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FutureStack London - New Relic customers take many paths on the digital journey

Phil Wainewright Profile picture for user pwainewright October 18, 2019
In an exclusive interview, former SITA technology lead Greg Ouillon, now EMEA Field CTO at New Relic, describes four dimensions of its customers' digital journeys


At its FutureStack event in London this week, IT monitoring vendor New Relic was pushing all the new features recently added to its platform, including the ability to build custom apps that report and alert on business metrics and other KPIs. But listening to the conversations and presentations at the event, it struck me that a lot of its customers are using New Relic in a much more limited way.

It's true there always have been some very advanced users among the customer base who are strongly focused on monitoring customers' digital experience or even instrumenting shopfloor operations. But equally, there are many others who are still mostly focused on back-end monitoring of application performance, often as part of a modernization and cloud migration project.

I had a chance to find out more about typical customer journeys in conversation at the event with Greg Ouillon, who has just joined New Relic as EMEA Field Chief Technology Officer. He joins from a twenty-year career running software and infrastructure transformation projects for large international organizations, most recently as CTO of in-flight connectivity provider SITAOnAir. He has also led engineering and software development functions at SITA, Orange Business Services and Equant.

Getting a handle on performance

Ouillon identifies four dimensions in how customers are using New Relic. One of the most common is simply needing to get a handle on the performance of their technology stack, he says, often in the context of a modernization project:

A lot of customers approach us on the basis that they have an availability and performance problem. They are down too often, they have latency issues, scalability issues. But very quickly, they tend to focus on how to become much more proactive, and how to understand their infrastructure and their applications in a way that they will be able to remedy issues before they impact customers.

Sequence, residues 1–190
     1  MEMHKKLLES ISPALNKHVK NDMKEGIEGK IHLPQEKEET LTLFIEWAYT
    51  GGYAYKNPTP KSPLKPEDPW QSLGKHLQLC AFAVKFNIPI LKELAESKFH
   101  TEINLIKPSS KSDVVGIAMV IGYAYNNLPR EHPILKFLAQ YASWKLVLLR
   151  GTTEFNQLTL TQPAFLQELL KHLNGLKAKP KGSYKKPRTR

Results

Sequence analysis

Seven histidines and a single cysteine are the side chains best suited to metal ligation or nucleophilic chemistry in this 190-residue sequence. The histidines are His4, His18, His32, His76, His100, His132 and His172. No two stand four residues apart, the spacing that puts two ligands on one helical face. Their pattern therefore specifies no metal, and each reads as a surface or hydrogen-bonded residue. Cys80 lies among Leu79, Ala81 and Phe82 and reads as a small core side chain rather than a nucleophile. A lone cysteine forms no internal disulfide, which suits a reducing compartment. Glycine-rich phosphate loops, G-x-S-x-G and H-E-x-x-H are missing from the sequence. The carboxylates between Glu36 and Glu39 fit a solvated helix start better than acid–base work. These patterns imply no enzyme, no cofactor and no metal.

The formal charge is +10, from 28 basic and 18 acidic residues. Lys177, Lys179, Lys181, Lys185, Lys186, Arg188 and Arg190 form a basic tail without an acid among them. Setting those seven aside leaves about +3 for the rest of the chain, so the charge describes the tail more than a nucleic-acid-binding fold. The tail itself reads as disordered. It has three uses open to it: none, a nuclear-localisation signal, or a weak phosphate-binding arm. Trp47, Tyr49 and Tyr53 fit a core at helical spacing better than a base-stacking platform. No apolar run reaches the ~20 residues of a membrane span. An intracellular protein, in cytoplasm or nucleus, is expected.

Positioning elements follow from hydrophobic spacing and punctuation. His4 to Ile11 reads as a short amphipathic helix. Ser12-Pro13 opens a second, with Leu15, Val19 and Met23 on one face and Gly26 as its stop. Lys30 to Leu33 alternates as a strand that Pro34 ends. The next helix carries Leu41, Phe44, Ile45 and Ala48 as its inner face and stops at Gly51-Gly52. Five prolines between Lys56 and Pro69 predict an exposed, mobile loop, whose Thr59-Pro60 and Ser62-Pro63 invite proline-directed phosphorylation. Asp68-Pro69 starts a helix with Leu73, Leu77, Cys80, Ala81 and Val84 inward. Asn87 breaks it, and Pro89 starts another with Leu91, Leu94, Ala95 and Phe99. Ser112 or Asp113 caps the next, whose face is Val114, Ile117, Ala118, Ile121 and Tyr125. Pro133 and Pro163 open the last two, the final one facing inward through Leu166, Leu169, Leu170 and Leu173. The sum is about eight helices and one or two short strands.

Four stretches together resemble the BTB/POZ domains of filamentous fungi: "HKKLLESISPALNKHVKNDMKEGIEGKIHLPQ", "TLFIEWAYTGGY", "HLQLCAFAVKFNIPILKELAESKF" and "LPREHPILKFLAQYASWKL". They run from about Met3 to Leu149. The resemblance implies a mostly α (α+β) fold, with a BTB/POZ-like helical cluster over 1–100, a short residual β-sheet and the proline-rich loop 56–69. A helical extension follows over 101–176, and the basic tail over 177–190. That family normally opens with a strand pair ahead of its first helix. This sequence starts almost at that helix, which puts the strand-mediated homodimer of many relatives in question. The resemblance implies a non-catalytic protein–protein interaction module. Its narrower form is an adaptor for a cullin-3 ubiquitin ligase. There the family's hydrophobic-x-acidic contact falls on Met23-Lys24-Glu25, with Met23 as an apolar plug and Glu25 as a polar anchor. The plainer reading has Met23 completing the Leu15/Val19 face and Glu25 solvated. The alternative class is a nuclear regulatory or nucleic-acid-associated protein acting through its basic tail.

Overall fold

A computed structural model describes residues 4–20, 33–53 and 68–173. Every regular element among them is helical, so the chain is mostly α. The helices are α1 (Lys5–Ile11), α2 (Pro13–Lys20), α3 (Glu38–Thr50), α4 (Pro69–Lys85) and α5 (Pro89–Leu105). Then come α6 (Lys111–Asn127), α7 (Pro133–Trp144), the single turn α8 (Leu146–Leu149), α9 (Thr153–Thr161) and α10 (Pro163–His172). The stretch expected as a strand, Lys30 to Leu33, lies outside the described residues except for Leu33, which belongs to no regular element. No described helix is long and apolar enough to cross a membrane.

That usually starts with migrating to new infrastructure. 'I'm modernizing my applications. How do I keep up, that I'm still delivering the right availability, the right correctness and the right performance?'

The second dimension is where organizations are investing in monitoring the customer experience in a digital context, rather than simply focusing on design. This often follows on from earlier investments in application monitoring.

I would say that customer experience, at least in EMEA, usually comes at a later stage of the maturity cycle. It's very traditional that customers who came to New Relic from the application performance and infrastructure side, then expand into digital experience — because they get it. They understand the fact that you are losing customers, you are losing conversions, you are losing business, because of performance matters — not just because you don't have the right images on your website.

Monitoring and reporting real-time metrics with a business impact form the third dimension. This is the most sophisticated use case, says Ouillon, although it's not limited to large enterprise — smaller digital startups are often savvy to this type of monitoring. It stems from a realization that relying solely on a data warehouse to analyze business performance won't tell you what's actually happening in-the-moment, which is where a product like New Relic comes in. Ouillon cites the example of European budget airline Ryanair:

They have these eight dashboards, where what they are driving is not CPU, RAM, throughput. They're driving number of check-ins, number of boardings, number of boarding passes printed, all that stuff. They are driving deep connections for the ops teams, their dev teams and their business, around the business. If you're in ops at Ryanair, what you're looking at is business indicators.